Saving Tomato Seed is Easy!

tcolorful omatoes

LOOK-100To read more about tomatoes, click here.


Soon, tomatoes will be everywhere….spilling out of everyone’s garden. Enjoy them while you can. Few things are as enjoyable as a fresh, home-grown tomato. If you find you have too many, you can freeze them whole, can them, or save the seeds to try next year. If you have heirloom seeds, they will re-grow true. If you have a hybrid….good luck…let us know what you get!

  1. Choose your best-looking tomatoes. In order to get the best seeds you’ll need to collect it from the ripest, healthiest tomatoesSlice the tomato in half through its center, side to side
  2.        (so the stem end is on one-half and the bottom is the other half)
  3. Scoop/squeeze the seeds into a clean glass, bowl or jar.
  4. The seeds will be surrounded by a jelly-like ‘seed coat.’
  5. To save the seeds you need to ferment the seeds to remove the seed gel that sticks to them and inhibits germination.  
  6. To start separating the seeds from the gel/pulp, add a little water and shake the jar to free the seeds.
  7. Now this is the easy part…cover the container and just set the whole thing aside for 3-7 days to allow fermentation to take place.
    (This sometimes gets a bit smelly but do not worry.)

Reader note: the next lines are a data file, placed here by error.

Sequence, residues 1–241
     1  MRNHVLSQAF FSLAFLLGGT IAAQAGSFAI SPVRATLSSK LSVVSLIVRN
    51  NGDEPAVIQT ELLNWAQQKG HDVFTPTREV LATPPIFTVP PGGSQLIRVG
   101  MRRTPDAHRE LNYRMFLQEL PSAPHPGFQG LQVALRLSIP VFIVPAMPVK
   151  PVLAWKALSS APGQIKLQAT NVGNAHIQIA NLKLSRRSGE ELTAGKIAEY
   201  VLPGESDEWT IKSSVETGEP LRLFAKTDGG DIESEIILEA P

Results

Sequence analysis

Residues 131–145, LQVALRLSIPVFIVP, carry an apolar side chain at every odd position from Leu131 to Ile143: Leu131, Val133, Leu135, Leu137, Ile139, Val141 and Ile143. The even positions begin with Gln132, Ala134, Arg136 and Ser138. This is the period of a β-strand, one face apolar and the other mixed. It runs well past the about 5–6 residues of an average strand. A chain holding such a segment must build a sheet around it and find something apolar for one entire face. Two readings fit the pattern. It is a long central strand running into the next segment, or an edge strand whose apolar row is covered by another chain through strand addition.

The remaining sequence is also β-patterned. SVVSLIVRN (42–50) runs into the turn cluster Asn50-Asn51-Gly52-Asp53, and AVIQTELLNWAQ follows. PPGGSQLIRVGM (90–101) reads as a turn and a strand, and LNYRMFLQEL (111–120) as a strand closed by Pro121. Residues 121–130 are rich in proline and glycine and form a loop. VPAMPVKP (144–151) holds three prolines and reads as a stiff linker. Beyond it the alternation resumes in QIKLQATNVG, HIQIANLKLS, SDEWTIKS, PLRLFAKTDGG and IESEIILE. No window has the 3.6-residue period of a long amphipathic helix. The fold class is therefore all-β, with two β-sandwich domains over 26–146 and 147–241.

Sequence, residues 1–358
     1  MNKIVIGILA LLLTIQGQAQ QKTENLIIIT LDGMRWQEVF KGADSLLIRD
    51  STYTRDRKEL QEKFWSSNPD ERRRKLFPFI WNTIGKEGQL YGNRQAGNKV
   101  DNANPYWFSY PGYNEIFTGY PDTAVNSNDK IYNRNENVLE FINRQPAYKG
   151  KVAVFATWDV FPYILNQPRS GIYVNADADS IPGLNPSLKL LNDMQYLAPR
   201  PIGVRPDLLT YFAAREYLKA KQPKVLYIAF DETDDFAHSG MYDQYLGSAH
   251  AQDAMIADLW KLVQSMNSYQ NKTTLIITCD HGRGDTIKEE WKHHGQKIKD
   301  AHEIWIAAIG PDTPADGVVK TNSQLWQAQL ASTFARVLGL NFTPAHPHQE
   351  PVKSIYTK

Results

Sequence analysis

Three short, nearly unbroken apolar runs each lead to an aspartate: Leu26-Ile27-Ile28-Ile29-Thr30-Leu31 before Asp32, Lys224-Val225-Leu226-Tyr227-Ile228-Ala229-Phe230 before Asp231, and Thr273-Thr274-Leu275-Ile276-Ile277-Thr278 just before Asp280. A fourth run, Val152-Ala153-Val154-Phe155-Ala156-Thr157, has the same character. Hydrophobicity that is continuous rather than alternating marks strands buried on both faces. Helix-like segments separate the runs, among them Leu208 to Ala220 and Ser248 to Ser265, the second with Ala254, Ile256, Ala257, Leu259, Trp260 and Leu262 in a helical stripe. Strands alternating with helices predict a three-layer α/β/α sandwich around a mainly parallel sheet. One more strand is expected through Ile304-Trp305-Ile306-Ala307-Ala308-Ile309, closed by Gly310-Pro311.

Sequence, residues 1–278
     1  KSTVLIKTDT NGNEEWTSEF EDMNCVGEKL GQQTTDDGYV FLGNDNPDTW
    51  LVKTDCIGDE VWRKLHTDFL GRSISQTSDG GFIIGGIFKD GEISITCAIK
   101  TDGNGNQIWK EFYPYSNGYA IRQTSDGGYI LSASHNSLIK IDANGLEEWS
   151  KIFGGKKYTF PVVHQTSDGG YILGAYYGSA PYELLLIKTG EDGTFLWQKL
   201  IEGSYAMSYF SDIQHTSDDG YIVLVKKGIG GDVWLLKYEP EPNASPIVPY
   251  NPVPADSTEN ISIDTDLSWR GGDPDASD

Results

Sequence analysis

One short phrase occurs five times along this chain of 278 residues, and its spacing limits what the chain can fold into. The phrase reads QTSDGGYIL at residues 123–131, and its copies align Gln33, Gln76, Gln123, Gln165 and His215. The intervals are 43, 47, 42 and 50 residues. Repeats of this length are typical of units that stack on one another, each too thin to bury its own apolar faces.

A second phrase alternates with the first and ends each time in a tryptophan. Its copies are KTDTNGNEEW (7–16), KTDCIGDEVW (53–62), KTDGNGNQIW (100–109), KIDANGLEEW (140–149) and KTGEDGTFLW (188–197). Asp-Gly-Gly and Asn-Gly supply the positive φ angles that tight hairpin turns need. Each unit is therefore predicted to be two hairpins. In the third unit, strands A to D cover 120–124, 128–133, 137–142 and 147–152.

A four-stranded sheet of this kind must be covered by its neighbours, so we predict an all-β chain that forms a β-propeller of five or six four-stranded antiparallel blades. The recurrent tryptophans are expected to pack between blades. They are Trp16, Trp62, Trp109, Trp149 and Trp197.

8. You will know that fermentation is taking place because the water gets cloudy and a little layer of mold may begin to form on the surface.
  9. Once fermentation has started, it is time to rinse the seeds. Don’t leave the seeds fermenting past this stage or they may begin to germinate.
    Dispose of any mold that may have formed on the top and wash it off allowing the seeds to settle to the bottom of the jar.
  10. Drain off the liquid.
  11. Wash the seeds off by placing them in a strainer and rinsing them under running water.
    Try to remove any remaining pulp bits.
  12. Spread the seeds onto either a paper plate or glass dish to dry.
    Don’t use paper towels because the seeds stick to the fibers in the towel and may be difficult to remove.
  1. Set the seeds in a warm, dry spot and allow them to dry out completely.
    (Remember: You will use moisture next year to help them germinate!)
    Shake the seeds each day to make sure they don’t clump and that they dry evenly.
    (Do not try to speed the process by using heat.)
  2. When the seeds are thoroughly dry, store them in a cool, dry place. Our first choice is to store the seeds in an airtight container. Second choice is in an envelope. (If you choose an envelope, you can still store the envelope inside a container.
  3. Don’t forget to label and date your seeds.

brandywineEat ’em,
   Store ’em
       Just be sure to save
       some seeds for next year.

When summer winds down, the tomato crop is at its peak and we usually have more tomatoes than we can use. If you store those tasty tomatoes right now,  you can enjoy their homestyle goodness all year. You can them or just clean them and toss them into the freezer in plastic bags. You will then have tomatoes all year for sauce, soups, stews, whatever.